When I was a young child I remember a spring day when my father was planting our winter supply of potatoes. Being rural poor and with a lot of mouths to feed, planting and harvesting a good garden was really important to my mom and dad. As dad was getting everything ready for the planting a Jehovah Witness gentlemen drove up our driveway. Since we never ridiculed or turned them away we were on their visitation list. The gentleman approached my dad and asked; “Do you have time to hear about God and how He can help you?”

My dad answered; “Well, I have to plant my garden. Do you have time to help me plant my potatoes?” The gentlemen shook his head; “I’m sorry but I’m really busy so I don’t have time to help you. And I’m not dressed for dirty work.”

My dad looked the man and quietly said; “If you don’t have time to help me plant my potatoes, I don’t have time to listen to you.” The Jehovah Witness left and that was the end of that!

At the core of every man is a hard-wired need to ‘provide’; a need to provide sustenance and security for his family. Oddly, this ‘knowledge’ of the male ‘inner landscape’ seems to have been lost to our generation. Women have a need to ‘nurture’ and men have a need to ‘provide’. In our society’s rush to make everyone equal and the same, this duality was denied until it was all but forgotten. We now wonder why men don’t live up to their responsibilities. We now wonder why boys don’t become men. We now wonder why men don’t bother with church.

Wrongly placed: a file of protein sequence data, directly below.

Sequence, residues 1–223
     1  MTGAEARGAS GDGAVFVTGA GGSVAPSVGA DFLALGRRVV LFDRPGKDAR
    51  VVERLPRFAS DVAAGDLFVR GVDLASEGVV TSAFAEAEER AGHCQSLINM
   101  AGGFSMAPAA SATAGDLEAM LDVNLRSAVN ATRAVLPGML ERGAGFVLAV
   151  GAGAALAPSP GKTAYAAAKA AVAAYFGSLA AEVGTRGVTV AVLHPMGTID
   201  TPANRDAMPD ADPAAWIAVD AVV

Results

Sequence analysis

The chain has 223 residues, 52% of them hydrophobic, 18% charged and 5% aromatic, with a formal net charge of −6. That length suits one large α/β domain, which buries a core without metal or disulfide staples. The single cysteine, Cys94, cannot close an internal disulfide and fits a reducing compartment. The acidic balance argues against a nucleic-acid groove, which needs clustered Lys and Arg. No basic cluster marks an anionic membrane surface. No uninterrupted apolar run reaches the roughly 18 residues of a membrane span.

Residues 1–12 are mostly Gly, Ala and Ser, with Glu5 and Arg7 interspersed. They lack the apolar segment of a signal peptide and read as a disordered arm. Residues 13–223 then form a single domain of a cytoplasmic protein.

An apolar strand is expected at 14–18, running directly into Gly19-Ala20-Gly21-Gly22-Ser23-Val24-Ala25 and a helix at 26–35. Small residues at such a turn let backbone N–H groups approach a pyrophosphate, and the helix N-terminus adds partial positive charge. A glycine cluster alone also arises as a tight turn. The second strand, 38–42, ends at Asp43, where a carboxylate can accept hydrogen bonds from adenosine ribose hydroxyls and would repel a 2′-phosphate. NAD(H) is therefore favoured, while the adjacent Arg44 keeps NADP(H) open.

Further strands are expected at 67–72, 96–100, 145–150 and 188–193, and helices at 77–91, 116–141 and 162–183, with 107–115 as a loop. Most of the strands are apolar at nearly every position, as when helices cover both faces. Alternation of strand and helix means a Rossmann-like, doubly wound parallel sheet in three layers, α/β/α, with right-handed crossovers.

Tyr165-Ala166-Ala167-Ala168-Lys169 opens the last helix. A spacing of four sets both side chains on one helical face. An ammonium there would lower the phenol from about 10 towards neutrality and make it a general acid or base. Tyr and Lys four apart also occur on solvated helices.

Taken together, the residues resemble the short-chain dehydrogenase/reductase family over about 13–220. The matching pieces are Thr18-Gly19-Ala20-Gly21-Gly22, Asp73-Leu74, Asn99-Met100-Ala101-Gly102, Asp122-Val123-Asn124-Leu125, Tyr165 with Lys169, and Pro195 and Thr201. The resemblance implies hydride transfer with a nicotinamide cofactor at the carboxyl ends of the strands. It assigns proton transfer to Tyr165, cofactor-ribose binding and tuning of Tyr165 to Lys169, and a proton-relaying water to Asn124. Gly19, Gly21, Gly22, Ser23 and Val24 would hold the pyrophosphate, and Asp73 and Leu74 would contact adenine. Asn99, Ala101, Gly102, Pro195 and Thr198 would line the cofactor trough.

Douglas Todd reports in his Ottawa Citizen article, “As women rise, men vanish from churches” (Dec. 29, 2012); “The gender imbalance could be far worse. The minister at Mount Seymour United Church is painfully aware men have been quietly, but in huge numbers, streaming away from many of North America’s Christian churches. ‘I don’t think many of us have answers to why it’s happening,’ says Talbot, who has led Mount Seymour United for eight years while raising two boys in a same-sex relationship with her partner, Brenda. While Talbot wonders if many men have lost interest in the church because it no longer confers social status, another part of her worries men have been turned off by a church that might be reflecting the subtle devaluing of men that’s prevalent in secular culture.”

Most of the time I worship in a church filled with thugs, thieves, drunks and drug addicts. They are all male and many of them are from jail. Every man in this fellowship has had a hand out of his prison by Jesus Christ. Jesus got his hands dirty with each one of them. That is the Gospel preached there. The Gospel of Jesus for ‘bad’ men is hard-hitting, confrontational and ‘in your face’. No man there, would say Jesus didn’t have time to help them with their ‘dirty work’. Over the years that I have worked and worshipped in this church I have realized that there is little difference between the twisted broken men of my church and men elsewhere. We all have ‘dirty work’ that needs to be done. We all need Jesus to help us. Sadly, we often don’t meet up with that Jesus in mainline churches.

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